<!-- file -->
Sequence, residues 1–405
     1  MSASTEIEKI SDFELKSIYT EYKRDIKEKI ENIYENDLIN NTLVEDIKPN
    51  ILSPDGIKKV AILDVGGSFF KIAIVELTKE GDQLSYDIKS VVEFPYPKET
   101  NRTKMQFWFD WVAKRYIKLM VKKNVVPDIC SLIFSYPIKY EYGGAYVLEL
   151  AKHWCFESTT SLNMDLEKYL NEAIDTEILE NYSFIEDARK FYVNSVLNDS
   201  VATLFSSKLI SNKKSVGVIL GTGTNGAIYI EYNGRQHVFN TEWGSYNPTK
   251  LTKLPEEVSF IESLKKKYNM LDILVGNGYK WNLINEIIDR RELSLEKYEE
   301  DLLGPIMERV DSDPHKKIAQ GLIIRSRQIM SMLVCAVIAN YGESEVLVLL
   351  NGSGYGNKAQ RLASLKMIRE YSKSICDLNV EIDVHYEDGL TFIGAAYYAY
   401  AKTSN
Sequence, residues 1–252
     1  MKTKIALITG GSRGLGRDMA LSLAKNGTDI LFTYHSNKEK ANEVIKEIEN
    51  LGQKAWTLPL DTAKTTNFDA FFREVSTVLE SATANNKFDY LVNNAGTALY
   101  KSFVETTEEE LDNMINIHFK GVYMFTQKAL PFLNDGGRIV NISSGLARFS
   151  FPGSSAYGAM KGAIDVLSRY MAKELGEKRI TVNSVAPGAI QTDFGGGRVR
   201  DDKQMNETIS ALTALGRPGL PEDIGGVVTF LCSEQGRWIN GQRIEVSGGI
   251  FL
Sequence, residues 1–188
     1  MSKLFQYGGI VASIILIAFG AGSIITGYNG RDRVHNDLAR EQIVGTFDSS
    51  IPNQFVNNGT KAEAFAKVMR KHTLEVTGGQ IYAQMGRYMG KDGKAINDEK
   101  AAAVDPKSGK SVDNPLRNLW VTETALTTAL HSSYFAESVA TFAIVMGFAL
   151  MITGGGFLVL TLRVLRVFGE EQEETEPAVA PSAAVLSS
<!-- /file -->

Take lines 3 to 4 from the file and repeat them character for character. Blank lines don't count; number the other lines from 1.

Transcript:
    51  ILSPDGIKKV AILDVGGSFF KIAIVELTKE GDQLSYDIKS VVEFPYPKET
   101  NRTKMQFWFD WVAKRYIKLM VKKNVVPDIC SLIFSYPIKY EYGGAYVLEL